- Up to 1 hour per day
- Size of home
- Small house
- Once a week
- Coat length
- Over 10 years
- Vulnerable native breed
- Town or country
- Size of garden
- Small/ medium garden
The modern Bull Terrier descended from a cross between the Bulldog and the White English Terrier and was bred for dog fighting in the 19th century. Birmingham breeder James Hinks is credited with stabilising type with the addition of new blood – some suggest the introduction of Collie blood to give the length of muzzle and the Dalmatian might also have contributed. Whilst many of the earlier examples were white, in the 1920's coloured Bull Terriers became more frequently seen and these were valuable in the breeding programme as deafness in the all white dogs had become a problem.
Images for this breed
The Terrier breed group
Dogs originally bred and used for hunting vermin. 'Terrier' comes from the Latin word Terra, meaning earth. This hardy collection of dogs were selectively bred to be extremely brave and tough, and to pursue fox, badger, rat and otter (to name but a few) above and below ground. Dogs of terrier type have been known here since ancient times, and as early as the Middle Ages, these game breeds were portrayed by writers and painters
Breed standard colours
Breed standard colour means that the colour is accepted within the breed standard and is a traditional and well-known colour in this breed.
Breed standard colours in this breed include:
- Black Brindle
- Black Brindle & White
- Brindle & White
- Fawn & White
- Red & White
- White With Black Head Markings
- White With Black Markings
- White With Brindle Head Mark
- White With Brindle Markings
- White With Fawn Head Markings
- White With Fawn Markings
- White With Red Head Markings
- White With Red Markings
- White With Tricolour Head Mark
- White With Tricolour Markings
'Other' means you consider your puppy to be a colour not currently known within the breed and one that does not appear on either the breed standard or non-breed standard list. In this instance you would be directed through our registrations process to contact a breed club and/or council to support you on identifying and correctly listing the new colour.
Non-breed-standard colour means that the colour is not accepted within the breed standard and whilst some dogs within the breed may be this colour it is advised to only select a dog that fits within the breed standards for all points.
Colour is only one consideration when picking a breed or individual dog, health and temperament should always be a priority over colour.
Whether you’re thinking of buying a puppy, or breeding from your dog, it’s essential that you know what health issues may be found in your breed. To tackle these issues we advise that breeders use DNA tests, screening schemes and inbreeding coefficient calculators to help breed the healthiest dogs possible.
More about health
Important health schemes and tests
We strongly recommend that all breeders, both assured breeders (ABs) and non ABs, use the following (or equivalent) schemes, tests and advice.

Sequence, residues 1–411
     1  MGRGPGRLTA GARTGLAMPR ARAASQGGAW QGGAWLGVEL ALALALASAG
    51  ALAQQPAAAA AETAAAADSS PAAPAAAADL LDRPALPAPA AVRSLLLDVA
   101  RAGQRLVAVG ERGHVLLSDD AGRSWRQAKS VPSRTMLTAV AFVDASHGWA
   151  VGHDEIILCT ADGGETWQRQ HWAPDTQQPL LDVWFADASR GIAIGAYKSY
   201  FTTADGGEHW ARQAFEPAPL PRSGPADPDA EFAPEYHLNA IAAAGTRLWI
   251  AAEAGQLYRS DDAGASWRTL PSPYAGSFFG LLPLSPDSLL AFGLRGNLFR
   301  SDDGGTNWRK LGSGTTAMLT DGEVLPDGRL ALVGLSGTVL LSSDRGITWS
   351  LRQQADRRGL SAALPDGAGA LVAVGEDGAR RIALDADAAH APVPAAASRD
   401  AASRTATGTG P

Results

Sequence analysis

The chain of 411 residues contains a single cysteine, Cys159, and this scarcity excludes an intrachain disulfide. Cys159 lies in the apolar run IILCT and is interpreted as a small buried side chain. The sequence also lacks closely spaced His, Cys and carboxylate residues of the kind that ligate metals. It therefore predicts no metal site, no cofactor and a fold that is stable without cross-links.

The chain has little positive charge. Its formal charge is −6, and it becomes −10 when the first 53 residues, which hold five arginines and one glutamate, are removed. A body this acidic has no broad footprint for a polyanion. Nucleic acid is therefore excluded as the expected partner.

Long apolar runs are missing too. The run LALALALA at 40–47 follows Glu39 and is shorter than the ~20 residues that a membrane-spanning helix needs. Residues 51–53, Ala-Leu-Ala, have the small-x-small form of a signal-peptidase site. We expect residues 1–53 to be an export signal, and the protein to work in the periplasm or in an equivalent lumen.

- BAER testing for deafness
- Breed club - heart testing
- Breed club - kidney testing
- Check inbreeding calculators
Find out about a particular dog's results
Please visit our Health Test Results Finder to discover the DNA or screening scheme test results for any dog on The Kennel Club's Breed Register.
You can also view the inbreeding coefficient calculation for a puppy's parents, or for a dog you're thinking of breeding from.
Have any questions about health in your breed?
If you have any concerns about a particular health condition in your breed then you may wish to speak to your vet or you could contact your breed health co-ordinator.
Breed health co-ordinators are individuals working on behalf of breed clubs and councils who are advocates for the health and welfare of their chosen breed. They acts as a spokesperson on matters of health and will collaborate with The Kennel Club on any health concerns the breed may have.
To contact your breed health co-ordinator please email Brian Ernest Hill
Particular points of concern for individual breeds may include features not specifically highlighted in the breed standard including current issues. In some breeds, features may be listed which, if exaggerated, might potentially affect the breed in the future.
There are a number of The Kennel Club's rules and regulations that may prevent a litter from being registered, find out about our general and breed specific breeding restrictions below.
More about breeding
A Miniature Bull Terrier & Bull Terrier may be bred together to produce Miniature Bull Terrier puppies. However, approval must be sought prior to mating. Read more information about the interbreeding programme between Miniature Bull Terriers and Bull Terriers.
With effect 1 March 2011, merle puppies whelped from a mating on or after this date will not be registered. This is due to associated health risks of impaired vision and hearing associated with the merle gene in this breed.
With effect from 1 January 2013, The Kennel Club will not register puppies whelped from a merle to merle mating born on or after this date. This is due to associated health risks of impaired vision and hearing associated with the merle gene in this breed.
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